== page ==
The above analysis shows that when the correlation among market risk, liquidity risk, and credit risk is not considered, the common corporate bond spread model can be obtained. Many scholars study the determinants of corporate bond spreads and divide corporate bond spreads into liquidity risk premium and credit risk premium. This is actually a special case of the model; that is, the correlation of return, liquidity, and credit risk is not considered.

##### 4.3. A Liquidity and Credit Risk-Adjusted Capital Asset Pricing Model and Its Economic Significance

In particular, when only considering the correlation between liquidity risk and credit risk, we obtain a liquidity and credit risk-adjusted capital asset pricing model.where the following expression represents the risk premium:

The above expression is transformed into the following mathematical expression:

and are the interaction between liquidity risk and credit risk, and their mathematical expressions are as follows:

The economic significance of is the interaction between market liquidity risk and asset credit risk and is a part of interaction between liquidity and credit risk. It is caused by the default risk of asset itself. The economic significance of is the interaction between market credit risk and asset liquidity risk and is also a part of interaction between liquidity and credit risk. It is caused by the liquidity risk of asset itself.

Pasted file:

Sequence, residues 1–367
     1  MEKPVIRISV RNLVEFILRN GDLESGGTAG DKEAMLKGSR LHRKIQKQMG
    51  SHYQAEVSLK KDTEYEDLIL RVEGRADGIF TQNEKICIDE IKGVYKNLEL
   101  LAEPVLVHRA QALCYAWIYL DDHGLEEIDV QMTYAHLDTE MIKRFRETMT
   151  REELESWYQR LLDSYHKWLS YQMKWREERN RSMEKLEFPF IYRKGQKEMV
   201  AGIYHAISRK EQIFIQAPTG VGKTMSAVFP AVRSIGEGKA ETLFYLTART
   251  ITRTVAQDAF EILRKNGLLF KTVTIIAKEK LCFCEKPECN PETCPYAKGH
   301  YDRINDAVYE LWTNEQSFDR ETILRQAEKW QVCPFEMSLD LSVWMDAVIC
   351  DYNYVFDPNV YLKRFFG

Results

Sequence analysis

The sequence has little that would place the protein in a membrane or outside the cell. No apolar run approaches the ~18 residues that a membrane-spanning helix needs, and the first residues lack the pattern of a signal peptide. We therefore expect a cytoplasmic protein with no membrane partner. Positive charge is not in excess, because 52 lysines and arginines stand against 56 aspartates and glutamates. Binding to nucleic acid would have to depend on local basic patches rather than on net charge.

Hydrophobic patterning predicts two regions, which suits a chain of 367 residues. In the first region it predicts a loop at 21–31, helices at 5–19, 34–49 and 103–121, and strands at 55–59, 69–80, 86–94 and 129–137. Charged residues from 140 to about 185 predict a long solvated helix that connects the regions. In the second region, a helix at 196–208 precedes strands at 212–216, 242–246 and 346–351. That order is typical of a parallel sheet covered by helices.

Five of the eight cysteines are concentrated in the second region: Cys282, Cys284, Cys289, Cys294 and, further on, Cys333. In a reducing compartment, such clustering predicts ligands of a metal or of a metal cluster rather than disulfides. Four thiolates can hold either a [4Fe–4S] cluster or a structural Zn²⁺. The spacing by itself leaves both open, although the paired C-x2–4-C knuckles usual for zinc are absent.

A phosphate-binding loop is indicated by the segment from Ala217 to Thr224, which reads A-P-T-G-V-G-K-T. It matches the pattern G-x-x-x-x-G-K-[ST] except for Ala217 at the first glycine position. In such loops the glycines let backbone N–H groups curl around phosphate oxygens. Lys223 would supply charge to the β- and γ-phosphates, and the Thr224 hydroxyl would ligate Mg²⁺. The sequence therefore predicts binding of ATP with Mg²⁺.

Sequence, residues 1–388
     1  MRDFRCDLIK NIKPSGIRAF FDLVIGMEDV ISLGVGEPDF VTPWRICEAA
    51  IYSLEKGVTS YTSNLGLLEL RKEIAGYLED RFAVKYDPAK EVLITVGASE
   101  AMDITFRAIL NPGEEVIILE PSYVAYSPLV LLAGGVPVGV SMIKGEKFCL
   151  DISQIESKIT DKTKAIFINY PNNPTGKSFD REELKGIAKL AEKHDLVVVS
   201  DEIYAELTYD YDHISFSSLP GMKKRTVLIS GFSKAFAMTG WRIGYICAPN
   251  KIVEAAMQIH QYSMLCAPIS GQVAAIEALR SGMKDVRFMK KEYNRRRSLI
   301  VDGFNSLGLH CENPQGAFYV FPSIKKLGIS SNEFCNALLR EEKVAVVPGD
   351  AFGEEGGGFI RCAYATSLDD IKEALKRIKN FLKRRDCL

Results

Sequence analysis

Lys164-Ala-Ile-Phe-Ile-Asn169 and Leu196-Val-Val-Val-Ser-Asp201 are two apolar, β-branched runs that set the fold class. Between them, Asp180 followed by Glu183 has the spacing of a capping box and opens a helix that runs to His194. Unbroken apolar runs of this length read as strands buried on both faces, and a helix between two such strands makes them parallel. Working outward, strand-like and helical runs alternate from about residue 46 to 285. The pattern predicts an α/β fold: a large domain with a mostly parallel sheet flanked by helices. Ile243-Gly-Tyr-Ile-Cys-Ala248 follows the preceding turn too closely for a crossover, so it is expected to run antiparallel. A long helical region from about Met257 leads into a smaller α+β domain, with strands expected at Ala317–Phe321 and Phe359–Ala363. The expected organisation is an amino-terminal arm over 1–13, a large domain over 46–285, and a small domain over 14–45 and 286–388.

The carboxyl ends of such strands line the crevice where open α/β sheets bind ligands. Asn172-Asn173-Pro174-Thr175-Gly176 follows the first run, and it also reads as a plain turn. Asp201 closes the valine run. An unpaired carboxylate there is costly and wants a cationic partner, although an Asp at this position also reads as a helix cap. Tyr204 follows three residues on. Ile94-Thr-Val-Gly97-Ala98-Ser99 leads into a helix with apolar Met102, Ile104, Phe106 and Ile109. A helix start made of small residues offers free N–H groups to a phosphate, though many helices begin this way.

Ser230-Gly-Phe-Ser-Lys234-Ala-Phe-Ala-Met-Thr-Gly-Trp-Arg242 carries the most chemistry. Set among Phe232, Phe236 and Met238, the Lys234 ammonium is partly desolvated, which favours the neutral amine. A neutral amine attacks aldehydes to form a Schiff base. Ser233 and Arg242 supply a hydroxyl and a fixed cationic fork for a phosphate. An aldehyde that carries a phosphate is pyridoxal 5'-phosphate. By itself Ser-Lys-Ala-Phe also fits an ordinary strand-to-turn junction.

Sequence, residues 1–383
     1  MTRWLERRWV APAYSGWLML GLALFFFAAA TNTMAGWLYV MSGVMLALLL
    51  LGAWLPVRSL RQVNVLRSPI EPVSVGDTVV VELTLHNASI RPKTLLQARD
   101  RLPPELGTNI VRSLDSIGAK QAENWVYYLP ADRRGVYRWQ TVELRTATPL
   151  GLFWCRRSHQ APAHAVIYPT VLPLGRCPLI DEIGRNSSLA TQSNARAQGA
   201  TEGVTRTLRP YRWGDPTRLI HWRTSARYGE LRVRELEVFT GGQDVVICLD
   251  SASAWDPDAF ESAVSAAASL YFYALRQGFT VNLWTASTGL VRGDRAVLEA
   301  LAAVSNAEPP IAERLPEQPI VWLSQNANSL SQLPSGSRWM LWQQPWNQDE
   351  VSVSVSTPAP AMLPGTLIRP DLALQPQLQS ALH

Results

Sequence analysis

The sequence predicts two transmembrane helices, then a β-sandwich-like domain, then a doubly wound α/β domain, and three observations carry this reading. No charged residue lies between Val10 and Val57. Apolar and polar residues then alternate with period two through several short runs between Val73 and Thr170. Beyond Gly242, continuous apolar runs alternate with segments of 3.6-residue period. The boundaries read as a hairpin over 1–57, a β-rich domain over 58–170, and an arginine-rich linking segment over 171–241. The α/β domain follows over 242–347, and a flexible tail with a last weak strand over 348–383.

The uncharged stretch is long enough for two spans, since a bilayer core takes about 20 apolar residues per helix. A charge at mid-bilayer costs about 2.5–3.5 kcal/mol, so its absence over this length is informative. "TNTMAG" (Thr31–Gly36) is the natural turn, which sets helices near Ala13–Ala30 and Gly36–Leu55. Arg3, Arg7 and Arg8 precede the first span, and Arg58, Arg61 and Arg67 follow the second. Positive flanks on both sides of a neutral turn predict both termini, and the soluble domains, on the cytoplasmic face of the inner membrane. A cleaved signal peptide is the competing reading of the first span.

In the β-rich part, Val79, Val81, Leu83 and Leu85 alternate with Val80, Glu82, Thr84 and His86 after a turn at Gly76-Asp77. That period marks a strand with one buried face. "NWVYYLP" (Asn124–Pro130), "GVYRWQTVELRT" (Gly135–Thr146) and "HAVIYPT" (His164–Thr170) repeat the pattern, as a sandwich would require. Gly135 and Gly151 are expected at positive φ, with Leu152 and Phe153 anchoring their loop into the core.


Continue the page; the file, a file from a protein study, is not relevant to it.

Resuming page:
The model not only provides the pricing mechanism and risk composition of the interaction between liquidity risk and credit risk but also provides the sources and channels of liquidity risk and credit risk. It reveals the impact mechanism of individual risk and market risk on bond return and explains why the interaction between liquidity risk and credit risk affects bond pricing.

#### 5. Empirical Analysis

##### 5.1. Variables, Data, and Sample

###### 5.1.1. Data and Sample

Shin and Kim [52] investigate liquidity and credit risk in the corporate bond market. Following Shin and Kim [52], we conduct the following data processing on the research object to comprehensively include the data and information on China's corporate bond market. First, we select corporate bonds from the interbank market and exchange market in China as research samples. We collect the data from the Wind database. We delete the bonds that are not traded and exclude bonds with a maturity of less than a year. Second, we select the data on corporate bonds and market from March 2006 to December 2021 in China. We download the basic data from the Wind database. Third, we collect relevant data and calculate liquidity risk variables and credit risk variables based on the data.

###### 5.1.2. Variables